Home > NZ, Travel > Sleeping with the sheep – A

Sleeping with the sheep – A

I am all happy and comfortable in the Antipodes(!). I must apologize for the really long break this post has taken. Between travel and planning it, I get time to attend classes and manage my days. September is spring time here and all the fabulous winter deals are just about getting over by the end of this month. When you are using a developing country’s money to travel in a developed country, backpacking on these deals is the best way to have fun. I have extended weekends (say 4-5 days) as I have classes for 3 days from 6 to 9 in the evening. So I plan to travel 3 weekends in Sep, saving a lot of money hopefully and that explains the lack of updates on this page. Please bear with me. I shall be regular soon. NZ tourism is so much organized, making it simple and easy for DIY holidays. But to start with, I go with one of the backpacker buses. I shall start describing my travel in reverse order, for the heck of it.

I travel with Magic Bus (after extensive research of other options like Kiwi Experience and Stray Travel mainly because of the ‘value for money’ 30% off discounted prices in Sep) on their ‘Top of the North’ pass. In this pass, the last overnight stay is at Mount Maunganui, a sleepy little coastal town in the Bay of Plenty on the Pacific Ocean just a little below the ‘very beautiful’ Coromandel. At 5.15pm, the driver drops us at our backpacker accommodation after a quick drive around the Pilot Bay, the Mount and the Beach Road. We grab a few pizza slices and a tea. This is a free extra with Magic. I ask the lodge owner about walking up the mount which looks so tempting. The Kiwis call every small height a mount (well, most of these mounts are volcanic cones) and they call walking ‘tramping’. Mount Maungaui and Tauranga are twin towns and are separated by the sea which a harbour bridge connects. So many harbour bridges here! 🙂

I start walking on the Totara Road, with good views of the large ships in the port. I join the Maunganui Road and reach the base of the mount in 30 minutes. There is one walking track around the base and two to the top. I ask one guy before getting on with the climb. It is a 4WD track and is very comfortable for the climb. On the way, I see plenty of sheep grazing in the pastures and many old men and women running past me to the top. Very soon, the harbour beach Pilot Bay looks magnificent. The Pacific Ocean is next. There are a few red and green lights blinking in the ocean. The Mount or Mauoa (crazy Maori names) is about 230m tall and the climb takes roughly half an hour. It gets dark by the time I reach the top. 6.30pm. There is a bunch of Scottish residents whose habit is to either walk the base or the climb of this Mount every Monday. One of them tells me today is a full moon day, but the clouds cover the moon and so it is eerily dark. The lights over the town illuminate the entire area and are a feast for the eyes. I take a couple of pictures.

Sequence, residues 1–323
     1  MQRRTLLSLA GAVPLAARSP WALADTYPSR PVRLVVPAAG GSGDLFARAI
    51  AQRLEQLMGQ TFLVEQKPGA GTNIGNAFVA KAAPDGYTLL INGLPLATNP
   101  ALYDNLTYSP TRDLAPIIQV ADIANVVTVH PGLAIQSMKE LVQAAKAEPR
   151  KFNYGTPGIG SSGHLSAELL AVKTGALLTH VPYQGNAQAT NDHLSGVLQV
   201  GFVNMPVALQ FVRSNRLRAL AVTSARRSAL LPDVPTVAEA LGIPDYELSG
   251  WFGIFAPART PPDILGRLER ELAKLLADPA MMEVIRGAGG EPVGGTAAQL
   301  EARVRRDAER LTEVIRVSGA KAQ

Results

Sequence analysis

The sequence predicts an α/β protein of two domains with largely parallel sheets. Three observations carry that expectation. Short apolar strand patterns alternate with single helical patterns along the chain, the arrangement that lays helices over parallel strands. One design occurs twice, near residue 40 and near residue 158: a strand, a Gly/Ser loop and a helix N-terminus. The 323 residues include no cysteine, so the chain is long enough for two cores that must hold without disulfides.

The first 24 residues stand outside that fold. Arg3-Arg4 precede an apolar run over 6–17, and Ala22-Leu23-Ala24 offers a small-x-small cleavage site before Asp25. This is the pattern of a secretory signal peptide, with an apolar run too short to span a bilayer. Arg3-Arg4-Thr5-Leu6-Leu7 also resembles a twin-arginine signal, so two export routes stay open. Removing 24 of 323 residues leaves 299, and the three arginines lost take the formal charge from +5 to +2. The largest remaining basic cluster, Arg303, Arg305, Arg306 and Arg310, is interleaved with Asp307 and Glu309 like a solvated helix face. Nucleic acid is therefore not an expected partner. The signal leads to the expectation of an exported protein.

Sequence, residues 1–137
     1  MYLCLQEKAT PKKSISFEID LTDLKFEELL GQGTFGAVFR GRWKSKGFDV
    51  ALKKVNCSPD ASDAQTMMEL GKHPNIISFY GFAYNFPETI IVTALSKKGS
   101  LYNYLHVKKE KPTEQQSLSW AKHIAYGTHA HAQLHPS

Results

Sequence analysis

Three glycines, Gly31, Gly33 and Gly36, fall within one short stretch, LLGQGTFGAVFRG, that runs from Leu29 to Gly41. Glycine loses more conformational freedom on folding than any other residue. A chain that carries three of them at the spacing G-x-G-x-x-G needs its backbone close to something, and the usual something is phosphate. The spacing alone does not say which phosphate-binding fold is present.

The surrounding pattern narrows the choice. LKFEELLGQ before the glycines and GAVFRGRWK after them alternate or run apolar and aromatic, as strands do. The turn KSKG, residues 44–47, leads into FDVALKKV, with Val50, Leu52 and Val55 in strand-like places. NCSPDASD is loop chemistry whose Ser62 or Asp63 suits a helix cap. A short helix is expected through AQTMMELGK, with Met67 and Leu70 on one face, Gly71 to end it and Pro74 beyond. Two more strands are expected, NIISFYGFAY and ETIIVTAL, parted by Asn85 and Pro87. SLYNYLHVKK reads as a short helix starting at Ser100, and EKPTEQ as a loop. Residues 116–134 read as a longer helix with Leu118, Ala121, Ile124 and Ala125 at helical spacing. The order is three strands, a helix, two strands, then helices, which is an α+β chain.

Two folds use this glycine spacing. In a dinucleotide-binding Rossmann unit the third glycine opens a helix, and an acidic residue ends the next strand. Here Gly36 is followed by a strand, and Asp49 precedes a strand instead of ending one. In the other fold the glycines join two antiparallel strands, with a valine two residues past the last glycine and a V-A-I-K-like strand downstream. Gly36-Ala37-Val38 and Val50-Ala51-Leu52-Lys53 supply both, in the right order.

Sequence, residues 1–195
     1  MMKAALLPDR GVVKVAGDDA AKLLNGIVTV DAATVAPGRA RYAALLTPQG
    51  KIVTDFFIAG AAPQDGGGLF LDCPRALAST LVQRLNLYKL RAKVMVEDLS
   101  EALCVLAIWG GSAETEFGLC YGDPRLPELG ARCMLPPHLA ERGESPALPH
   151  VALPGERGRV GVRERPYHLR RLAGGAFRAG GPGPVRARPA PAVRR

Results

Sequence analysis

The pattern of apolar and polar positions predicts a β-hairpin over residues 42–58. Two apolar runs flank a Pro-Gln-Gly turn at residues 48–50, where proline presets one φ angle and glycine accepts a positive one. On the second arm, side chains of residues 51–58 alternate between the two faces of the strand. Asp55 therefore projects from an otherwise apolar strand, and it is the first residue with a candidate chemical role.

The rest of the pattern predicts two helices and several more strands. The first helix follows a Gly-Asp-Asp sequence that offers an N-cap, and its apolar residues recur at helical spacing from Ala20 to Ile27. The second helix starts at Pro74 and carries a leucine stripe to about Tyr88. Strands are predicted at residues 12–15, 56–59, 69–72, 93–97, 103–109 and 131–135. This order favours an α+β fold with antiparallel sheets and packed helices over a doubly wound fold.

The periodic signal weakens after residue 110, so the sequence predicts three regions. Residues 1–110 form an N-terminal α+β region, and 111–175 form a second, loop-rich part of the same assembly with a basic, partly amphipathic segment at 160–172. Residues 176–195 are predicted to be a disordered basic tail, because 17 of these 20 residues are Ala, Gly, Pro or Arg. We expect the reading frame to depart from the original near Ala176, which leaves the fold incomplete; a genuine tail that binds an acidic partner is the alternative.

There are few people left as I start my descent. I wait for a couple so I can use her torchlight. The dark scares me and I wish the path was lighted properly. The couple descend through another track and I am the only one marching in the same track I walked up. I have the sheep for company. It is a popular fact that there are 10 times (at the least) sheep than the humans. That is when I think of the title to this post. I walk briskly, occasionally hearing the strange sounds of the birds and other living or non-living(!) things in the Mount. I read there is no species dangerous to the humans in NZ than themselves and that makes it a little less worrisome. Most of the Kiwis I have seen have been good-natured. In any case, they have to. After all, tourism is one of their biggest revenue earners, with education. I am relieved when I reach the spa pools at the base.

It is a short walk to the beach. But at 7pm, there is almost no one at the beach. Is is because of the lean spring season? Is it because of the Monday evening? Are the Kiwis naturally early to bed and early to rise? I get back to the Maunganui road to grab a piece of fresh fish at a takeaway. The lady asks if I want it cooked or uncooked. She must be Japanese, I say to myself. I unhesitantly say, “Cooked please”. The fish is remarkably tasty, though it is bland. I return to my hostel and cook my dinner, before retiring for the day – my last night of travel.

PS: I shall try to upload to pictures to flickr soon. Till then, you could peep into my yahoo. Cya soon.

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Categories: NZ, Travel
  1. sk
    14 September 2006 at 2:50 am

    Wow Sparkie, the places look absolutely beautiful! LOTR was shot in NZ right? Beautiful land scape. So you touched Pacific Ocean on the other side ;–)

  1. 21 September 2006 at 12:25 pm

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